"Beyond the Shores We Know" - Insights from Casey Sharpe

Casey Sharpe has worked closely with me for more than two months to combine the original audio recordings and lectures from the SNAG Professional Development Seminar for posting on YouTube. Below is a feature interview with Casey.  

Why did you volunteer to do this job for SNAG?
Casey Sharpe: I think it is important to preserve and share information.  The Professional Development Seminars are a really valuable tool for all craftspeople.  I’ve been a member of SNAG for over seven years, and I’ve found it a valuable resource, and a great way to connect with the larger jewelry and metalsmithing community. 

I Lay in the Tidal Pool
wool, silk, glass beads, sterling silver

Where do you find your inspiration?
Casey Sharpe:  As for my subject matter, my childhood was spent traveling between the east and west coasts of the United States.  I’ve spent most of my life living within an hour of the ocean, and have always been fascinated by quiet beaches.  There is something about the smell of the salt air, the cry of gulls, and the sand underfoot that soothes me, and I try to capture that in my work.

Sand and Barnacle Cufflinks
Sand, resin, sterling silver

Where did you learn metalworkS?
Casey Sharpe: I learned metalsmithing under Sharon Church and Rod McCormick at the University of the Arts in Philadelphia, PA.


Beyond the Shores We Know
silk, sea cell, glass beads, sterling silver


What has been the most helpful information or skill you learned in school?
Casey Sharpe: I think the most helpful thing I learned in school was to chase my interests, to pick up techniques and ideas, and to push everything as far as I could.  On the more technical side, I learned chasing and repousse in school, and absolutely fell in love with it.


Sand and Barnacle Pendants
sand, resin, sterling silver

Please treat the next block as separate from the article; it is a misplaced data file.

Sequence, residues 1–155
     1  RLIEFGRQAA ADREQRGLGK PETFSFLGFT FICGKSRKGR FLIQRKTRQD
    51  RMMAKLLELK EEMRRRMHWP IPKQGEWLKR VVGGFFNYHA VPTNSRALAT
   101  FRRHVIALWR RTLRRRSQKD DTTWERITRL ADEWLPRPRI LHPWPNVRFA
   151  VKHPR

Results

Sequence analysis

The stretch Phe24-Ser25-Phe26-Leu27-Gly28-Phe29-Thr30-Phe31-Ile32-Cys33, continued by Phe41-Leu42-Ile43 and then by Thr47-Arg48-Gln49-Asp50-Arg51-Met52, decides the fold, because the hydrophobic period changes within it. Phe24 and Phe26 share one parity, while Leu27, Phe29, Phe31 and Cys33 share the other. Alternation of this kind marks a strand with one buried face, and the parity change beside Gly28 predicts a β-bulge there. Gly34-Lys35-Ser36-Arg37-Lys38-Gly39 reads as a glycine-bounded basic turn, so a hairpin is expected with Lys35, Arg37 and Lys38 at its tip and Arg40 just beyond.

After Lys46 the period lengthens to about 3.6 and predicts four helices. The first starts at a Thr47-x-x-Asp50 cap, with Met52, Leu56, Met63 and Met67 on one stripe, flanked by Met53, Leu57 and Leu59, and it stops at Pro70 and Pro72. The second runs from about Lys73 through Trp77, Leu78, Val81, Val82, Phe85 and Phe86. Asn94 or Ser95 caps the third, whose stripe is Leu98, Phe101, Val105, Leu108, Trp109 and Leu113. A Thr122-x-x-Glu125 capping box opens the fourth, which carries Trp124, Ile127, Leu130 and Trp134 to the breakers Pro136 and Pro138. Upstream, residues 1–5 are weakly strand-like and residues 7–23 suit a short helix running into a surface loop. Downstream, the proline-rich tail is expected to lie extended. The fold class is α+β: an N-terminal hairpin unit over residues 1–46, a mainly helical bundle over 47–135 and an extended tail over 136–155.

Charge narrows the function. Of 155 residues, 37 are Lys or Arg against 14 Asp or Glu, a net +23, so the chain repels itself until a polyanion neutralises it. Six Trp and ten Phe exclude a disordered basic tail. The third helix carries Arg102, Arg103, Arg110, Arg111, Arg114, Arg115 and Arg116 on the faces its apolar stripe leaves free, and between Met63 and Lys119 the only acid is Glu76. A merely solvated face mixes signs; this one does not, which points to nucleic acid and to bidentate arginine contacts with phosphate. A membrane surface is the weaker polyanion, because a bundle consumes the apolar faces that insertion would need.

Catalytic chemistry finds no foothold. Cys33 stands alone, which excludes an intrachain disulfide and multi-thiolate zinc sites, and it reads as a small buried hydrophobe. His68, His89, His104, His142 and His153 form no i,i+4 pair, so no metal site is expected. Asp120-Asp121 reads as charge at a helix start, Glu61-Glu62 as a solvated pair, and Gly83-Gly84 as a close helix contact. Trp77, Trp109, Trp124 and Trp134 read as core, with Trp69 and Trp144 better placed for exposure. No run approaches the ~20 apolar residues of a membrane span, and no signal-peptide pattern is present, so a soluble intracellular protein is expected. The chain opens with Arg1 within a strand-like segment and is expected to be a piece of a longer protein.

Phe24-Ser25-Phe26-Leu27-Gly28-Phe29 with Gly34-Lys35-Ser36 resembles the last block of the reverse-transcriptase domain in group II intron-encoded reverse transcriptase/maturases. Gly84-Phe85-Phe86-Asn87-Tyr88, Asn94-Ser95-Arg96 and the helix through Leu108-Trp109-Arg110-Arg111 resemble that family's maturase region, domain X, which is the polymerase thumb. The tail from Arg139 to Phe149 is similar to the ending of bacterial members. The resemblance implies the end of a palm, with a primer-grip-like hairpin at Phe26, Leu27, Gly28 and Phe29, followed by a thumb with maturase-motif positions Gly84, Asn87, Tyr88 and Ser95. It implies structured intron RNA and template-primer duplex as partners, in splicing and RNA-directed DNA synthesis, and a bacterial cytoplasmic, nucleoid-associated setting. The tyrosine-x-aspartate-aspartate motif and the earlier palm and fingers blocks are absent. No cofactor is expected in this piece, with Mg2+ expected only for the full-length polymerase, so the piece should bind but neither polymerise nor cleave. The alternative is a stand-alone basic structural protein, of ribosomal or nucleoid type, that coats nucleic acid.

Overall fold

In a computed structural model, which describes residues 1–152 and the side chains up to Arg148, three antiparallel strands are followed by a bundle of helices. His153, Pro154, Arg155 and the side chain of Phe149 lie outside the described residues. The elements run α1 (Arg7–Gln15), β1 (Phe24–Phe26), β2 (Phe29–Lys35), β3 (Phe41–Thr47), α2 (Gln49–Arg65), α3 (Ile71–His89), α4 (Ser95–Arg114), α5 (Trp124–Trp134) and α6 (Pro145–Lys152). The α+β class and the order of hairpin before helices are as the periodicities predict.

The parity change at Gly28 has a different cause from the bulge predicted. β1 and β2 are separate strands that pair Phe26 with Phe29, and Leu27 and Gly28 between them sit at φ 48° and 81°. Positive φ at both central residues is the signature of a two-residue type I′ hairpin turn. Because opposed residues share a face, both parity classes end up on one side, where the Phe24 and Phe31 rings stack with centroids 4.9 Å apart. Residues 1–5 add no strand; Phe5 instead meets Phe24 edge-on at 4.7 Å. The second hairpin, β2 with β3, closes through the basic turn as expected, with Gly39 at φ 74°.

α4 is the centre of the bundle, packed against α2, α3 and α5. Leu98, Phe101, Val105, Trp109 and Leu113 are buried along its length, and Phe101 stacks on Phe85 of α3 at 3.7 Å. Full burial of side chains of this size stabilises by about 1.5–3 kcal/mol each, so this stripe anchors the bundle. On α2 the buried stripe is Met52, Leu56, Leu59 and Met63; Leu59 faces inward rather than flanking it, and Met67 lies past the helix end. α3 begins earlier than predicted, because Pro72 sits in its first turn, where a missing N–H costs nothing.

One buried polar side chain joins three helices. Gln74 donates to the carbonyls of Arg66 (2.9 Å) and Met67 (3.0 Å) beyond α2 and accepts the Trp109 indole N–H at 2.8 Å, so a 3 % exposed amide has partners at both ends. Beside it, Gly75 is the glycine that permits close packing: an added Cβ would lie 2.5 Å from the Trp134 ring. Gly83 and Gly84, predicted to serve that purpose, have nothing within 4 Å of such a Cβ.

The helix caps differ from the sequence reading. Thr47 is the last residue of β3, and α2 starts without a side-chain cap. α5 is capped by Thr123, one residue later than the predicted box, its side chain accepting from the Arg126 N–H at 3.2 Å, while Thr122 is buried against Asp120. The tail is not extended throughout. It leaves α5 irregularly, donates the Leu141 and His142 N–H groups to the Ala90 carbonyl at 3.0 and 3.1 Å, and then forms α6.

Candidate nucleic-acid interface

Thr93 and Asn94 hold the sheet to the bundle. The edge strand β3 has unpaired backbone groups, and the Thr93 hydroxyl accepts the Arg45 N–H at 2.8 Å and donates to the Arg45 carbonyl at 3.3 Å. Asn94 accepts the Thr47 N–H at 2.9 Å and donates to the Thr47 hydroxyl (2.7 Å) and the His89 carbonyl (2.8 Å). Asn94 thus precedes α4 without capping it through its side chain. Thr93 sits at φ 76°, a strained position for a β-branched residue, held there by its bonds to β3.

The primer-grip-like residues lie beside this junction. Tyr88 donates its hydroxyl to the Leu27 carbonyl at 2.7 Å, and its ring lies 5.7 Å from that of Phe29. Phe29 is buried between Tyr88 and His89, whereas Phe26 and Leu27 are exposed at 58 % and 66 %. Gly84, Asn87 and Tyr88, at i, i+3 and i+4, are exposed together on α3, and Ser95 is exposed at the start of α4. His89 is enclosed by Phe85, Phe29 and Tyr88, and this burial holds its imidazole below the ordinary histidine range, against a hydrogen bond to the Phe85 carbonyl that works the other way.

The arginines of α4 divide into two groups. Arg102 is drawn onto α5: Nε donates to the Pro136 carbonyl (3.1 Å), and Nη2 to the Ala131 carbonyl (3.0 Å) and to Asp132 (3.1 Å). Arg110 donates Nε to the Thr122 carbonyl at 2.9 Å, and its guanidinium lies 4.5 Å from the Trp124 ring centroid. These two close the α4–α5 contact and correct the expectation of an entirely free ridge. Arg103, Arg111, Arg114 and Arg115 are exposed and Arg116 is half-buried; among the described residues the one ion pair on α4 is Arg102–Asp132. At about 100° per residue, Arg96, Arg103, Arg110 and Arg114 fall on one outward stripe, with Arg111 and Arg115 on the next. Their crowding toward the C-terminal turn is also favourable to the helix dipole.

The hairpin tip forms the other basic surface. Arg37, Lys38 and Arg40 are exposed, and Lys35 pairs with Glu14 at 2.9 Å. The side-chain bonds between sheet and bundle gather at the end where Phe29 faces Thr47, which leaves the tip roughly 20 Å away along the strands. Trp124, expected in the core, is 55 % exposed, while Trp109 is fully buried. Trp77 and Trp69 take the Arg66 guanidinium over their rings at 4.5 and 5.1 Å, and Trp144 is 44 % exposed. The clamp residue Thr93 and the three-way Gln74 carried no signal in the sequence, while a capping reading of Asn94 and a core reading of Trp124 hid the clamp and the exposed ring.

What has been the most helpful skill or information you learned on the job?
Casey Sharpe: My day job taught me how many things I can do for myself, as well as when to hand off things to other people.  You have to know when to look for a professional, and when to ask for advice and do it yourself.  


Years After I Washed Ashore
wool, cotton, sterling silver

Where is your studio?
Casey Sharpe: I make all of my work out of my home studio in Los Angeles, CA

Where do you sell your work?
Casey Sharpe: Several galleries carry my work, including Freehand Gallery (Los Angeles, CA), the Craft and Folk Art Museum (Los Angeles, CA), and the Houston Center for Contemporary Craft (Houston, TX).  I also have an Etsy shop.


Sand and Barnacle Earrings
sand, resin, sterling silver

Again, I want to extend my thanks and appreciation to Casey Sharpe. It was a true delight to work with her and she demonstrates one of the key values of volunteering -- getting to know new people and gaining experience.  Like her title, Casey was willing to go "beyond the shores we know" to venture into new territory. She did not even know how to combine the audio and Powerpoints for video,  but she jumped in and figured out a workable solution. This  trait that will take Casey far in the voyage of life.

Best Regards,

Countless Hours of Advocacy

Photography-In-Flux-Niche-Marketing-VerticalHave you ever thought about the countless hours speakers spend preparing the content of their presentations. That is the finale of a year or years of preparation. Every year, the Professional Development Seminar Committee worked for 12 months prior to the Conference to develop an informative program and group of speakers.

Initially, I wondered  how a wider audience could benefit from this amazing resource beyond the immediate three-hour program at the Conference.  It became obvious that if the presentations were posted online (with the permission of the speakers), they could serve as a recurring resource for years to come.  

Purple-Cow-5-presentations-verticalFor the past five years I have posted presentations from the Professional Development Seminar.  These presentations, given during the annual SNAG Conferences, provide valuable information useful for the entire arts and craft community. 

That was the early premise and hope.  But would it really work?

I am happy to report that after five years of postings, the online presentations recently achieved over 200,000 views! That is a testament in itself.  

This spring the original presentations along with audio moved to YouTube as videos.

ShippingVerticalIt was a lot of work and I desperately needed help to get this job done. 

Casey Sharpe stepped up and volunteered. She was instrumental in converting the original PowerPoints and audio recordings into video which were uploaded to YouTube. This tremendous resource would not have been available if it weren't for Casey's volunteer hours to make this happen.  

I'd like to express my deep appreciation for Casey's efforts. "Thank you, Casey."